Britain

On 7th June, the people of Britain will go to the polls to elect the next government. According to all the polls Labour is set to gain a hefty majority over the Conservatives. The polls show that Labour is now leading the Tories by a massive 28 points. The personal rating of Tory leader William Hague is just 13 per cent.

On 7th June, the people of Britain will go to the polls to elect the next government. According to all the polls Labour is set to gain a hefty majority over the Conservatives. The polls show that Labour is now leading the Tories by a massive 28 points. Yet the election campaign has been as dead as a Dodo, and the great majority show little interest and less enthusiasm for either New Labour or the Tories. The general election turnout is likely to be low - some have even predicted the lowest for over 100 years. The reason for this alleged "voter apathy" is not hard to find.

75 years ago an earthquake shook the very foundations of British capitalism. In the greatest display of militant power in its history the British working class moved into action in the General Strike of 1926. For 9 days, from May 3, not a wheel turned nor a light shone without the permission of the working class. In such a moment, with such power, surely it ought to have been possible to have transformed society? How can such a position have ended in defeat?

This statement by the Editorial Board of the Socialist Appeal analyses the situation in Britain today. It looks at Britain within the context of world economic and political developments and analyses how these affect the British trade union movement, the Labour Party, the youth and outlines the perspectives for the coming period and poses the tasks of Marxists today.

Over the past weeks the news has been dominated by the story of yet another crisis in farming. The rapid spreading of the food and mouth epidemic in Britain is a direct consequence of capitalist farming methods.

In a matter of days a magnificent and largely spontaneous movement of truck drivers, farmers and cabbies has brought large parts of the country to a virtual standstill. This movement represents the biggest national unofficial strike action seen in Britain for decades. The ruling class are quaking in their boots.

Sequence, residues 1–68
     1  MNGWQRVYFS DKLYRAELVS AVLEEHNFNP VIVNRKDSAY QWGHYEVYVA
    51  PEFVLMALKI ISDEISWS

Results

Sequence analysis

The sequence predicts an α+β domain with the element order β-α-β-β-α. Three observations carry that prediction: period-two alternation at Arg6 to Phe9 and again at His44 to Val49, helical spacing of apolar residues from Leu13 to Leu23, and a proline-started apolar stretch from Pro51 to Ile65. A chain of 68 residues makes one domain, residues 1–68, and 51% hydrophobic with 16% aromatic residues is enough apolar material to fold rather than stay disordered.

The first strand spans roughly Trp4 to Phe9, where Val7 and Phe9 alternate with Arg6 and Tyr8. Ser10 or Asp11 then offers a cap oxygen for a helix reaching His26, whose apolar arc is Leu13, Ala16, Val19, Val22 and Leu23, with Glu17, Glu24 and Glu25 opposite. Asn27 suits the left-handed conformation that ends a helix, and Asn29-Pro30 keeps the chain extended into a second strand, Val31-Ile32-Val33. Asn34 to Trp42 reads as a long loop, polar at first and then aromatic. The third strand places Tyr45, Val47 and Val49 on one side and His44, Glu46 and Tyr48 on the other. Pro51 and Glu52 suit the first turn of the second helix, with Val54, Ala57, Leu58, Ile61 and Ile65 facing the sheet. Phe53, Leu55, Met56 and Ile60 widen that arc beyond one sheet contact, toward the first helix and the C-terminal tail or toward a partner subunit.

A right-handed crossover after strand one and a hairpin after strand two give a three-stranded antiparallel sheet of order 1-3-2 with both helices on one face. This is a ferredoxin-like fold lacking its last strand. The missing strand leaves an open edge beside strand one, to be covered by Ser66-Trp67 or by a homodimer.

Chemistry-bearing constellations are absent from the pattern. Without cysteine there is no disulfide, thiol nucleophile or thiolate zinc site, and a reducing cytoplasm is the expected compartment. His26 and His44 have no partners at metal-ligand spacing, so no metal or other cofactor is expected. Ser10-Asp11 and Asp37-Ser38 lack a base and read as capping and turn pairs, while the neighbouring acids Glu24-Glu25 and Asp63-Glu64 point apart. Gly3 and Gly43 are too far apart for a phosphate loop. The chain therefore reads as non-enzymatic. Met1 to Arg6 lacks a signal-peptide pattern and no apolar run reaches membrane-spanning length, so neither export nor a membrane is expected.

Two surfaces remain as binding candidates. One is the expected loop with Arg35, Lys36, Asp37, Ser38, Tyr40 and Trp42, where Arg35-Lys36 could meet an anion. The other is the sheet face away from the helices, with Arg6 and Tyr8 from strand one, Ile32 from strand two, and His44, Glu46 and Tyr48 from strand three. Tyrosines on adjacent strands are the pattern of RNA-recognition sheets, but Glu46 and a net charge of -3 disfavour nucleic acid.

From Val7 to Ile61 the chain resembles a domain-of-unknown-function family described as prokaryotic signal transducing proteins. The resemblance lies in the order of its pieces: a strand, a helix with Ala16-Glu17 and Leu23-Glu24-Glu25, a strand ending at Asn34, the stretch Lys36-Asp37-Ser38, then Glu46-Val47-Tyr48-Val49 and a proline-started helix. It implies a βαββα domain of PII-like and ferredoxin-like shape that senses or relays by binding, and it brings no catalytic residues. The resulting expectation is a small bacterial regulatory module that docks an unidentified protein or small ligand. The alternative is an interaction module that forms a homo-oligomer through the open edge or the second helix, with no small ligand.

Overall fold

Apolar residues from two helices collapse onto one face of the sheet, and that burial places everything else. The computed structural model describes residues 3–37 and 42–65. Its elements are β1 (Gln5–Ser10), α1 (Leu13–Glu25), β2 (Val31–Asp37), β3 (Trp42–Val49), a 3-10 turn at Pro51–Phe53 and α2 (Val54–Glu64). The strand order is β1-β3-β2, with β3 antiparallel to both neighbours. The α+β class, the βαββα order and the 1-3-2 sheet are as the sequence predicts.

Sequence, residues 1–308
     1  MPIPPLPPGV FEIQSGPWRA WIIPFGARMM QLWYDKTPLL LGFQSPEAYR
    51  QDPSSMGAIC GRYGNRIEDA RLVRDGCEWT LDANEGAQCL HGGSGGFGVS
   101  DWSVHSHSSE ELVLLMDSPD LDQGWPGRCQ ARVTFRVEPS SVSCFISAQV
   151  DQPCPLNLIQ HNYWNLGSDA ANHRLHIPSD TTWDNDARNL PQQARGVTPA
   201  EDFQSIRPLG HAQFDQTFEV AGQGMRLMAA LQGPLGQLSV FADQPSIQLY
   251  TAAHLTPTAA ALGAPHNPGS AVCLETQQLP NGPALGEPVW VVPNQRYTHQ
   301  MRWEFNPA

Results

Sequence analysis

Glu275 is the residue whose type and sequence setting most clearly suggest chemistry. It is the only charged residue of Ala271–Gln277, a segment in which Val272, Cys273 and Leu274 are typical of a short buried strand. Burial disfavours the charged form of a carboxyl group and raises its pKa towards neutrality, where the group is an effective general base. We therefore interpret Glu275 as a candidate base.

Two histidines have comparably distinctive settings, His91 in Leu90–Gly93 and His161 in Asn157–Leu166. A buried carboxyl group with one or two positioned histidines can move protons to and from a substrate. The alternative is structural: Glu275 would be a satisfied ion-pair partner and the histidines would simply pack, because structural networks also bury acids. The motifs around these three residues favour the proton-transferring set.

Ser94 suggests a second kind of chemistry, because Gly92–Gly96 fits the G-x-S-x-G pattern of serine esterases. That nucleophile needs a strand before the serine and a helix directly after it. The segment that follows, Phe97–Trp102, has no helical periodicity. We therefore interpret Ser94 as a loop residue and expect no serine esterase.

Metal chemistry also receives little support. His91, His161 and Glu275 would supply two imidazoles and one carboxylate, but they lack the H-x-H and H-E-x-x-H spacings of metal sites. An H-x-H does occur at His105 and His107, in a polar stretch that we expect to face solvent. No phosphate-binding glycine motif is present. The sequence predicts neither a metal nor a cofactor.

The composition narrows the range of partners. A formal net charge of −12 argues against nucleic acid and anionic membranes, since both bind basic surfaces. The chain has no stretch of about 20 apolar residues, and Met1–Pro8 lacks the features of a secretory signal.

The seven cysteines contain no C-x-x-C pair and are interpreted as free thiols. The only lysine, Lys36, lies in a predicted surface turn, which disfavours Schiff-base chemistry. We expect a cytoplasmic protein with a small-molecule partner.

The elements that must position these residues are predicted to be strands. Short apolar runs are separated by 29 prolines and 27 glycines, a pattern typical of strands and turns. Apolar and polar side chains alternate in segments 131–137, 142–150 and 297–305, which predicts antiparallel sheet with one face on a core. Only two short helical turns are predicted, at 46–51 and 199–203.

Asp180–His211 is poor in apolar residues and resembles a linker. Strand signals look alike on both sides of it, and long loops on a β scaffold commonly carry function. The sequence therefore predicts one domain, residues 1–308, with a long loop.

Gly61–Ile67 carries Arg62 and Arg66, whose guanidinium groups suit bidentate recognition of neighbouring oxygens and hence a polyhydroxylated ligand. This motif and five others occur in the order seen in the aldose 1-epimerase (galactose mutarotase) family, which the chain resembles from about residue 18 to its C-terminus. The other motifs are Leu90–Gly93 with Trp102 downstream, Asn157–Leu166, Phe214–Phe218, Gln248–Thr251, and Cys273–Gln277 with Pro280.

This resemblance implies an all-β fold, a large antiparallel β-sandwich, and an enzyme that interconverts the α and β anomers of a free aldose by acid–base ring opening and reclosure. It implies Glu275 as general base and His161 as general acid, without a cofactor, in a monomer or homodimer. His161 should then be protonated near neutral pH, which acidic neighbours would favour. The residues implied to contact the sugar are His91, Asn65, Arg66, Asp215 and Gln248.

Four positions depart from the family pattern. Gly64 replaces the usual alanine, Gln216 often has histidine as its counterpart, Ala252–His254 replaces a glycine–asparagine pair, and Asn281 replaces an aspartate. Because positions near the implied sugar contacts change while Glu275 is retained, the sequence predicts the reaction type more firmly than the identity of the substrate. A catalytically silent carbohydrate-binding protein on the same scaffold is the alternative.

This month marks the 80th anniversary of the founding of the British Communist Party. As a result we are publishing the following article on the early years of the Communist Party.

The horrific deaths of 58 Chinese migrants found in Dover, revealed to the world the monstrous effects of Britain's immigration regime. By making it virtually impossible for refugees and migrants to enter this country legally, many thousands every year seek to come here illegally. Jack Straw was quick to place the blame on Chinese smuggling gangs called the Snake Head. Thinking people can see through this.

"Britain is already a different and better country..."
Tony Blair at the Periodical Publishers Association, 9th May.

"I'm totally opposed to New Labour. They are not any different to the Thatcherites. I would like to see a return to the old values."
George Fleetwood, 48, an engineer.

"I have a wife and two children to raise and I really thought in 1997 that we were heading for a bright new era. Tony Blair has failed to deliver. If anything, he is more of a Tory than many Tories."
Brian Cox, 31, unemployed dockyard labourer.

We hear a lot about the Third Way these days. But does this represent anything new or is it just the socialdemocrats recognising that there is no longer any room for manouvre? Barbara Humphries looks at where these ideas come from and what do they really mean.

This is supposed to be, as the media are forever telling us, the people's game, our World Cup, etc., etc. But we have little or no say in it. We generate the passion but all the officials see are the buckets of cash. The governing bodies of football, both national and international, are remote, out of touch and above all travesties of democracy. So long as big business and the multi-nationals control the game and shape it in their interests, this will continue to be the reality of things. The fightback should start now, starting with the grassroots supporters groups, to ensure that fans have a say in the...

In August 1931 the Labour prime minister, Ramsay MacDonald, crossed the floor of the Commons with a handful of supporters to join with the Tories and Liberals in forming a National Government. This event was considered one of the greatest betrayals in the history of the Labour Party. More than sixty-five years later, voices have once again been raised about the need for a radical realignment of British politics and the formation of some kind of coalition. "If Blair is the Ramsay MacDonald of the Nineties," warns the Observer, "he could be getting his National Government in early as...

The recent rebellion against the Lbour government's decission to cut single parent benefit and the growing disquiet about proposals to cut benefits for the sick and disabled have brought the welfare to work programme into sharp focus. Mick Brooks looks at what is all about, adn asks the important question: can it create real jobs or is just another way of massaging the statistics and reducing the social security budget?